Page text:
As criticism for Treasurer Joe Hockey’s proposal to open super to first home buyers mounts, one property analyst has warned the move would “artificially inflate” demand for property.
Mr Hockey said he is concerned about the difficult position faced by first home buyers and that Australians “need to have these conversations” about making super more flexible.
This has been met with strong disproval from the superannuation industry and recently communications minister Malcolm Turnbull labelled the proposal a “thoroughly bad idea”.
SQM Research managing director Louis Christopher believes Mr Hockey’s idea would “promote a property bubble” if ever adopted.
“The problem is that tinkering with the property market in this way would only serve to artificially inflate demand for property and therefore push up house prices even higher than they are now,” he said.
Mr Christopher said such a policy would “have a similar distortionary effect” to the first home owner grant, which he said caused prices to rise in excess of the handouts.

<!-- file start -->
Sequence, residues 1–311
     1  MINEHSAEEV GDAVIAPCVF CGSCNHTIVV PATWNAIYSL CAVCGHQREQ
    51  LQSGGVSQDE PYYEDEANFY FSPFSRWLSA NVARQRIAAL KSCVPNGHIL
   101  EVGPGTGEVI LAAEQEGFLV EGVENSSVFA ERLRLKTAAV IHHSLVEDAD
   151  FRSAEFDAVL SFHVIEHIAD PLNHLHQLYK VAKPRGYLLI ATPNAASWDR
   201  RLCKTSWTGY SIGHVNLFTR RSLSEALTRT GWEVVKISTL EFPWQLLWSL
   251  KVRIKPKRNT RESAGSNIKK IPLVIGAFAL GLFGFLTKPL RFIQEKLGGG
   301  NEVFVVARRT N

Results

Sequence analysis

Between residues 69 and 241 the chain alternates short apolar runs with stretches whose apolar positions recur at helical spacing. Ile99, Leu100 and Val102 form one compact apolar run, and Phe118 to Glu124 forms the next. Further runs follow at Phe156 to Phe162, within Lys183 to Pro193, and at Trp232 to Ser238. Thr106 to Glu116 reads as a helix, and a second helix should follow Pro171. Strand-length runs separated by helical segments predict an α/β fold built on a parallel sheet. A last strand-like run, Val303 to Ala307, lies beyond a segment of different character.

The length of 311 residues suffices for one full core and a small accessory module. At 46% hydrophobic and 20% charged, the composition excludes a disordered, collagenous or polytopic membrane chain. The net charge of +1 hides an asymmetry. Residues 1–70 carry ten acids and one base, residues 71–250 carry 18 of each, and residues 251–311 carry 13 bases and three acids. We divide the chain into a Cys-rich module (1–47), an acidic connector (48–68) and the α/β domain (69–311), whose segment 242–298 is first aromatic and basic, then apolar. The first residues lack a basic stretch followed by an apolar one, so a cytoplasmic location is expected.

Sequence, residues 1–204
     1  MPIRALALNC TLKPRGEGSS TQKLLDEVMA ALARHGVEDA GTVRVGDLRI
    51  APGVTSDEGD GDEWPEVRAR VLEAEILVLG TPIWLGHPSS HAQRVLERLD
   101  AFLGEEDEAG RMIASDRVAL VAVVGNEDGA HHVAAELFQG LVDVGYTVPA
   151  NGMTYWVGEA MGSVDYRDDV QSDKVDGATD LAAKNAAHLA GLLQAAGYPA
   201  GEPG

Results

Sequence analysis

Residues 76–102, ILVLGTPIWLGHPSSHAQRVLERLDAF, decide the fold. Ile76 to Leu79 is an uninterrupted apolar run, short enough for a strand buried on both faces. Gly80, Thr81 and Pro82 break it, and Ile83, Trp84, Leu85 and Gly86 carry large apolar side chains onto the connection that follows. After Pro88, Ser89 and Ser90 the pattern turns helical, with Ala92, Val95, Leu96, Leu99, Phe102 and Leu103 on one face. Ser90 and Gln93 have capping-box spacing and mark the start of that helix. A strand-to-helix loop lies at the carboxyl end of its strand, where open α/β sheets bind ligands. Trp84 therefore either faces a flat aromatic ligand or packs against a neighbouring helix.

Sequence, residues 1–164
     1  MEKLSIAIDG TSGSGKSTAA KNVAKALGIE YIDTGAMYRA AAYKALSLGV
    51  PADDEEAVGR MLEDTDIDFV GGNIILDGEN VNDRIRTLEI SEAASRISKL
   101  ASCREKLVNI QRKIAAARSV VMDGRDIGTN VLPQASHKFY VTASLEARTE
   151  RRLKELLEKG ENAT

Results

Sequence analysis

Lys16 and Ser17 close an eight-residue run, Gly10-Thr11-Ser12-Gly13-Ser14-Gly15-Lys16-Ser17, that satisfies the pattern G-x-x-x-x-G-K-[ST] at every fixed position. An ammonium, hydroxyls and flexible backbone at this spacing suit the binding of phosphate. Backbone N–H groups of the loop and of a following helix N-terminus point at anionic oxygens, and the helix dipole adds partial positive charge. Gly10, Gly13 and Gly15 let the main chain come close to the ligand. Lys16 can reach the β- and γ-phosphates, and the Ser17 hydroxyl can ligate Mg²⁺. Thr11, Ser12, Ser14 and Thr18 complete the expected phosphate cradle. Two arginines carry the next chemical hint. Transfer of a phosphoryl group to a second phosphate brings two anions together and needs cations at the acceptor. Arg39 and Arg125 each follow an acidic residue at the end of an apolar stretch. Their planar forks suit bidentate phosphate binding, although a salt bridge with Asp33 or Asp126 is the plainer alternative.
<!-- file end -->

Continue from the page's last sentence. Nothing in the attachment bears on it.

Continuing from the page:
He also said that Mr Hockey’s super idea would be impractical for most first home buyers in their twenties and thirties.
“With Sydney vendors now asking for over $1 million for a house, a 10 per cent deposit on a Sydney home raised through super would erode almost entirely the retirement savings of most people in that age group,” he said.
Mr Christopher said the way to make housing more affordable is not to increase, but reduce government intervention – starting with negative gearing.
“Reducing negative gearing, a highly distortionary policy, would have a far more beneficial effect on promoting housing affordability,” he said.
“If negative gearing was repealed or altered, investors who are now gobbling up property would back off buying houses, which is what those who are demanding lower dwelling prices want to see.”